At 74, the hawklike and patrician features of Charlton Heston still identify the actor who has graced Hollywood playing presidents, Ben Hur, Moses, an aging New Orleans Saints quarterback and a tramp cowboy of great if weathered nobility. On the East Coast, his presence has become a well-respected staple of the Washington scene as well.
A recent hip replacement slowed him for a moment, but he was back on the tennis court in record time, playing gentlemanly but indubitably competitive sets with his pals on weekends.
In a lifetime of citations, recognition and tributes, Heston’s Kennedy Center honor ranks with the Jean Hersholt Award from the Motion Picture Academy for his civic activities (which have included six terms as president of the Screen Actors Guild and the first chairmanship of the American Film Institute).
The Kennedy Center honor recognizes, of course, Heston’s half-century career as an actor on stage, television and the screen, in something like 70 films from “Dark City” through “The Agony and the Ecstasy” as Michelangelo and all the other characterizations from Henry VIII and Cardinal Richelieu to Buffalo Bill Cody. But the honor also recognizes his work as an ambassador and worker in the cause of all the arts.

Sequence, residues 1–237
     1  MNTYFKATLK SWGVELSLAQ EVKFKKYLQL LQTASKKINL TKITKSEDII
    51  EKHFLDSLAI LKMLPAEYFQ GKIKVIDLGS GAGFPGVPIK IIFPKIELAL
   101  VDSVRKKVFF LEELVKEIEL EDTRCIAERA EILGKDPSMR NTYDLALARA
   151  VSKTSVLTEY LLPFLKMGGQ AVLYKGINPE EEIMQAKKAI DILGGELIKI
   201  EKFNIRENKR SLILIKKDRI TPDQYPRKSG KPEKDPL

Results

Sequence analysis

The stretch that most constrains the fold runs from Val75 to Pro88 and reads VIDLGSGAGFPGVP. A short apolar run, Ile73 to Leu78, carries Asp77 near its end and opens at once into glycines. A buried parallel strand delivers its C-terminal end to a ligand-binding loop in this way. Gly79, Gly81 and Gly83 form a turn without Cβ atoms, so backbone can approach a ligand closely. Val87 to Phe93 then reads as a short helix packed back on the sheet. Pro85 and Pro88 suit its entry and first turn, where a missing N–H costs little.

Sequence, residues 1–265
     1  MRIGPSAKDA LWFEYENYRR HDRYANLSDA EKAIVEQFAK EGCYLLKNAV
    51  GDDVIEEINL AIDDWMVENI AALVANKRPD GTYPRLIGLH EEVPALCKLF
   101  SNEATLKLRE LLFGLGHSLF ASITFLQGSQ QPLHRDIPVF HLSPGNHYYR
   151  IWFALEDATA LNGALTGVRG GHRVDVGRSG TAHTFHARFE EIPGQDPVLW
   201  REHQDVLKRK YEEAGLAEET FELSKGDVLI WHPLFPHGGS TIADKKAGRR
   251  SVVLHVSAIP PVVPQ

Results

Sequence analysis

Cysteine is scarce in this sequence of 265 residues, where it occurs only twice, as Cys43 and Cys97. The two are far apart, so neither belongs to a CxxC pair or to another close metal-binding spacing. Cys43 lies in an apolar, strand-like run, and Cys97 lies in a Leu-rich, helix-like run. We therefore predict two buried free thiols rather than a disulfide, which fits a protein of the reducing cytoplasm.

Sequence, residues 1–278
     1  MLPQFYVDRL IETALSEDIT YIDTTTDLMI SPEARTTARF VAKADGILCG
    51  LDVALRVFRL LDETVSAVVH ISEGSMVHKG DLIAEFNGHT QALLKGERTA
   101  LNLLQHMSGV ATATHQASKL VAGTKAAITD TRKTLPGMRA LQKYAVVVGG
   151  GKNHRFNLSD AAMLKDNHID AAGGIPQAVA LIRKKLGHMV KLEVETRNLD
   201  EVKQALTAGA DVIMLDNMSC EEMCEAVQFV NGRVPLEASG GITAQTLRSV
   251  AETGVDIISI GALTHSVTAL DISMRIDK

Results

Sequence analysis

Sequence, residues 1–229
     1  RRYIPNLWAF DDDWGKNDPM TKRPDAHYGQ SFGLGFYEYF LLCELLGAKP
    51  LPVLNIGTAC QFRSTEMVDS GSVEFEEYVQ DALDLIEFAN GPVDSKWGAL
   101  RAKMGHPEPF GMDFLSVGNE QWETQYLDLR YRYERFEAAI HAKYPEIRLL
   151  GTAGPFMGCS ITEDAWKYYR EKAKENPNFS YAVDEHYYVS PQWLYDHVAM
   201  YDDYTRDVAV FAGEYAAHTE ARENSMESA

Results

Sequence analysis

The just-elected President Ronald Reagan asked Heston in 1981 to head a task force to evaluate the National Endowments of the Arts and Humanities and the whole question and public and private support for the arts.
“The arts establishment was sure the task force had been created to ax both the Endowments,” Heston says, “which is not what happened. After discussing and including in our report the various shortcomings of both organizations, we said there was still an arguable case for federal support, which is about where it is now.”
But Heston is perhaps even more convinced now about the limits of government support than he was then.
“The number of grants that have stirred controversy are only 40 to 50. But Edward Rothstein said in a piece in the New York Times a few Sundays ago that the arts are neither a social program or a democratic undertaking, and I find that very plausible.
“Michelangelo gets to paint the Sistine ceiling, the other guys don’t. You can’t train someone to be Michelangelo or Mozart or Shakespeare. You can’t train someone to be Michael Jordan, either.”
Organizations are different, Heston admits. “The Met needs the money, and supporting an organization like Metropolitan Opera or a museum is a faintly different thing. And the days are gone when J.P. Morgan would write a check, as he did, to cover the Met’s annual deficit. A delegation would arrive, tell him the figure and he would write a check and say, ‘Nice to have seen you again. Would you care for some sherry?’ Still, it’s hard to justify a social program for these things.”
Before the task force, Heston had been appointed to the second generation of the National Council on the Arts, an advisory body then chaired by Roger Stevens, and he has vivid memories of sitting in on the grants discussions.